How JustAnswer Works:
  • Ask an Expert
    Experts are full of valuable knowledge and are ready to help with any question. Credentials confirmed by a Fortune 500 verification firm.
  • Get a Professional Answer
    Via email, text message, or notification as you wait on our site. Ask follow up questions if you need to.
  • 100% Satisfaction Guarantee
    Rate the answer you receive.
Ask Wallstreet Esq. Your Own Question
Wallstreet Esq.
Wallstreet Esq., Tax Attorney
Category: Tax
Satisfied Customers: 586
Experience:  10 years experience
Type Your Tax Question Here...
Wallstreet Esq. is online now
A new question is answered every 9 seconds

This is second opinion. Please respond if you are seeing

Customer Question

This is for a second opinion. Please respond if you are seeing this for the first time.I have a Canadian corporation since 2011, and we pay our Canadian federal and provincial taxes on our profits each year.90%+ of our sales are in the USA.We've had an account at a bank in the USA for several years, and they are asking us to fill in a W8BEN-E. We do not own or rent any offices or property in the USA, we don't manufacture anything in the USA, and we don't have any employees in the USA (we use contractors). However most of our sales are in the USA, and our inventory is stored in a US 3rd-party warehouse service. Does this mean that we may be liable for US Federal or State taxes?
Submitted: 1 year ago.
Category: Tax
Expert:  Jason M. Tyra, CPA replied 1 year ago.

You could be.

The IRS requires foreign corporations to declare income for a trade or business "effectively connected" to the US on Form 1120F. The issue of nexus for taxation purposes is complex. The IRS or a state taxation agency may or may not accept your assertion that your contractors and warehouse don't create nexus.

You should probably contact a tax attorney on this. You have two issues to get clarification on- first, do you have nexus. Second, is there a tax treaty or other reason that would cancel out your obligation to file (if you do have nexus).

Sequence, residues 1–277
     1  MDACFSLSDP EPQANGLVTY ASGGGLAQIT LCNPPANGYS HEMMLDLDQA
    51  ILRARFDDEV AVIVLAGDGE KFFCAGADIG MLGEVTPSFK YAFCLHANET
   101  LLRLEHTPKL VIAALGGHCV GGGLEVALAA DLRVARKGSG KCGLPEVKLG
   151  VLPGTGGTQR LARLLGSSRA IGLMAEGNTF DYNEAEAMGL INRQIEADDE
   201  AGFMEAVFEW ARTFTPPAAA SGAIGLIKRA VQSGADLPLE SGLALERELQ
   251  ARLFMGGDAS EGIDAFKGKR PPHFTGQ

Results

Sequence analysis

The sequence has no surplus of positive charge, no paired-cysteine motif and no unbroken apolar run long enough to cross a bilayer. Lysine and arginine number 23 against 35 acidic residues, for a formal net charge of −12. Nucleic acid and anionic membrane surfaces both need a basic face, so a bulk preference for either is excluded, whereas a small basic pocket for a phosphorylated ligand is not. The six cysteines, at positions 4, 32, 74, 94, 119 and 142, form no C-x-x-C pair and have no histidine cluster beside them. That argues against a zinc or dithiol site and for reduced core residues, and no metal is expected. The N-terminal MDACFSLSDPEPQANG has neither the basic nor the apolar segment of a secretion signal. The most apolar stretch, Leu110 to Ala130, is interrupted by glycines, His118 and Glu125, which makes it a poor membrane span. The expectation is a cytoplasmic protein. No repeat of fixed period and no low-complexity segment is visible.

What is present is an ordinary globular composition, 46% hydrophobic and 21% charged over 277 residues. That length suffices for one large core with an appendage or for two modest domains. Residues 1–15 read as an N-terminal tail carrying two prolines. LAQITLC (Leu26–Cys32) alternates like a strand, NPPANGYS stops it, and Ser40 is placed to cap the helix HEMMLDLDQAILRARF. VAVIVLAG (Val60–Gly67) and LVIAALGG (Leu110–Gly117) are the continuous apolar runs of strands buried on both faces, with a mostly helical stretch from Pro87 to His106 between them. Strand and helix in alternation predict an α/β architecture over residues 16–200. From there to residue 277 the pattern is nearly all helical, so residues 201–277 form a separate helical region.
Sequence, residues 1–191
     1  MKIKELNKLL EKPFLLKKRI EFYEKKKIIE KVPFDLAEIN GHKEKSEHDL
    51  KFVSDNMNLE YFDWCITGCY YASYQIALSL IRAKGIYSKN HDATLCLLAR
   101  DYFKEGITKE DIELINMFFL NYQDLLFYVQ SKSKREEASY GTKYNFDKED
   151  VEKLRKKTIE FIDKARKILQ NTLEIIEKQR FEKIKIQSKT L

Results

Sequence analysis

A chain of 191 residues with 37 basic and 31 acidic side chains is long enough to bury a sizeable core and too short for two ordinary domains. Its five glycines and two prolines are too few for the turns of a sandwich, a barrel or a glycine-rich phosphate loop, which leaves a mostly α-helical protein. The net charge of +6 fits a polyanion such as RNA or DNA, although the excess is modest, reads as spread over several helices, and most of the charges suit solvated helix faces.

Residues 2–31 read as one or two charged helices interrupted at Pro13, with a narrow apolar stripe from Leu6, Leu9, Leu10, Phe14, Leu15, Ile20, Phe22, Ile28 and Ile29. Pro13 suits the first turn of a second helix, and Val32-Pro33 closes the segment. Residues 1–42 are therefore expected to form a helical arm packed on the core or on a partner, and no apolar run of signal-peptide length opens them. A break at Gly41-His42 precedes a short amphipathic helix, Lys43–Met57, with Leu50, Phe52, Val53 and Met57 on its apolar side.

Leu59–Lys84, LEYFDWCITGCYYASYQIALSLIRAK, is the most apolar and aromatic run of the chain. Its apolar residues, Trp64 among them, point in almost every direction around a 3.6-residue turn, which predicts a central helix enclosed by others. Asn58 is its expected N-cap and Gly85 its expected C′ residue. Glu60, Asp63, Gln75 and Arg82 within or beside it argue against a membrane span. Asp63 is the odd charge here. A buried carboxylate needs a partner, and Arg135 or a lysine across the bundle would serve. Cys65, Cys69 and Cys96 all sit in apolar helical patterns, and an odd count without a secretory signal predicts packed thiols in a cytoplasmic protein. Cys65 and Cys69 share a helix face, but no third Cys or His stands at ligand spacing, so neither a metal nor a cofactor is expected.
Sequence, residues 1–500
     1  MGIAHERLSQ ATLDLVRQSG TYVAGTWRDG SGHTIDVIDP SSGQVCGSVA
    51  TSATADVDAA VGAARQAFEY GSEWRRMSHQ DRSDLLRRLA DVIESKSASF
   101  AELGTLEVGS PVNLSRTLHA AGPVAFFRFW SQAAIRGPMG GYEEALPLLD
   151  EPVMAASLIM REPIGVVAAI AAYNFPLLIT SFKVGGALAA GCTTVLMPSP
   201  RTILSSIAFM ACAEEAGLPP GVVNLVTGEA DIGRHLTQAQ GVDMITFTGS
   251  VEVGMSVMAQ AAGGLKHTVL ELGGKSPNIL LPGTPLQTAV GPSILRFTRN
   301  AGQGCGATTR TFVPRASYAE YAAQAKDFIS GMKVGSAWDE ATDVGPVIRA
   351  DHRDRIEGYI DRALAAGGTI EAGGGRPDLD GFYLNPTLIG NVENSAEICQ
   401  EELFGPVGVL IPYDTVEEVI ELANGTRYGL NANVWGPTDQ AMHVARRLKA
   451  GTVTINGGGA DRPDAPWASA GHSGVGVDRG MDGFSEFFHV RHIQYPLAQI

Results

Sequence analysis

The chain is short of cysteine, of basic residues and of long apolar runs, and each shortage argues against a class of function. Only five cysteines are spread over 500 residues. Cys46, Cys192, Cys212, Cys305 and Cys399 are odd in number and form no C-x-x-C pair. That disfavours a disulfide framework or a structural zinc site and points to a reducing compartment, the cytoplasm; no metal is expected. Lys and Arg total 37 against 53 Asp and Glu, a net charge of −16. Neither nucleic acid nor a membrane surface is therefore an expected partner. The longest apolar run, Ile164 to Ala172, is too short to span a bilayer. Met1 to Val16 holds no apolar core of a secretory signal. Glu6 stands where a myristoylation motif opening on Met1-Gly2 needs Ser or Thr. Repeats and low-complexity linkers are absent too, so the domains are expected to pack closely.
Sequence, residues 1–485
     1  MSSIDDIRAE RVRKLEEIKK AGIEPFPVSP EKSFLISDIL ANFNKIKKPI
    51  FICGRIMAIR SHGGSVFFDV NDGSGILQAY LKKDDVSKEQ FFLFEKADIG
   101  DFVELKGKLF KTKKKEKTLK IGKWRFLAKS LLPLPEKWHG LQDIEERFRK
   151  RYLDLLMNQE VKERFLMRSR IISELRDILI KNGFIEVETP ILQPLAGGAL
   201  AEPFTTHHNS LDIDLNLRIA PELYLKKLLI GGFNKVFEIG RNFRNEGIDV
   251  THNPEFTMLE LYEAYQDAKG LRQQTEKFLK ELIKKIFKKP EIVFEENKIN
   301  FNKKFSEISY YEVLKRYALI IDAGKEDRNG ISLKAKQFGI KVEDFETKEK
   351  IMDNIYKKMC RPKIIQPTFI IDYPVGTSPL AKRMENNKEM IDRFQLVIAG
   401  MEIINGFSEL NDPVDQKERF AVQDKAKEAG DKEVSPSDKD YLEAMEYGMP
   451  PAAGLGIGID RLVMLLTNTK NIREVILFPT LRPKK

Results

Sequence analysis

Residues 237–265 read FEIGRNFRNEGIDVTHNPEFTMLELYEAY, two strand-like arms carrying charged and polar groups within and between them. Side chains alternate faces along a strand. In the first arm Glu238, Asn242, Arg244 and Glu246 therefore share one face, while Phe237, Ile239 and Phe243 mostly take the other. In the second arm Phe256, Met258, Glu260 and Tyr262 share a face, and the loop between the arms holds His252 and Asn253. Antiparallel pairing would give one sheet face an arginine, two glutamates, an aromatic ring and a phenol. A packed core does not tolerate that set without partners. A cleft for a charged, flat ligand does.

Customer: replied 1 year ago.
Thank you.There is a tax treaty in effect between the US and Canada. It states that as long as a Canadian corporation doesn't have a 'permanent establishment' in the US, its business profit will only be taxable in Canada and will not be taxable in the US.I assume this is similar to the issue of 'nexus'.The definition of "permanent establishment" is defined as:Permanent Establishment
1. For the purposes of this Convention, the term "permanent establishment" means a fixed place of business through which the business of a resident of a Contracting State is wholly or partly carried on.
2. The term "permanent establishment" shall include especially:
(a) A place of management;
(b) A branch;
(c) An office;
(d) A factory;
(e) A workshop; and
(f) A mine, an oil or gas well, a quarry or any other place of extraction of natural resources.6. Not withstanding the provisions of paragraphs 1, 2, and 5, the term "permanent establishment" shall be deemed not to include a fixed place of business used solely for, or a person referred to in paragraph 5 engaged solely in, one or more of the following activities:
(a) The use of facilities for the purpose of storage, display or delivery of goods or merchandise belonging to the resident;
(b) The maintenance of a stock of goods or merchandise belonging to the resident for the purpose of storage, display or delivery;
(c) The maintenance of a stock of goods or merchandise belonging to the resident for the purpose of processing by another person;
(d) The purchase of goods or merchandise, or the collection of information, for the resident; and
(e) Advertising, the supply of information, scientific research or similar activities which have a preparatory or auxiliary character, for the resident.So would using a 3rd-party warehouse in the USA constitute a permanent establishment?
Expert:  Jason M. Tyra, CPA replied 1 year ago.

Based on 6.(a), looks like the answer is no.

Also, this treaty would override any state considerations.

Looks like you had the answer all along... :-)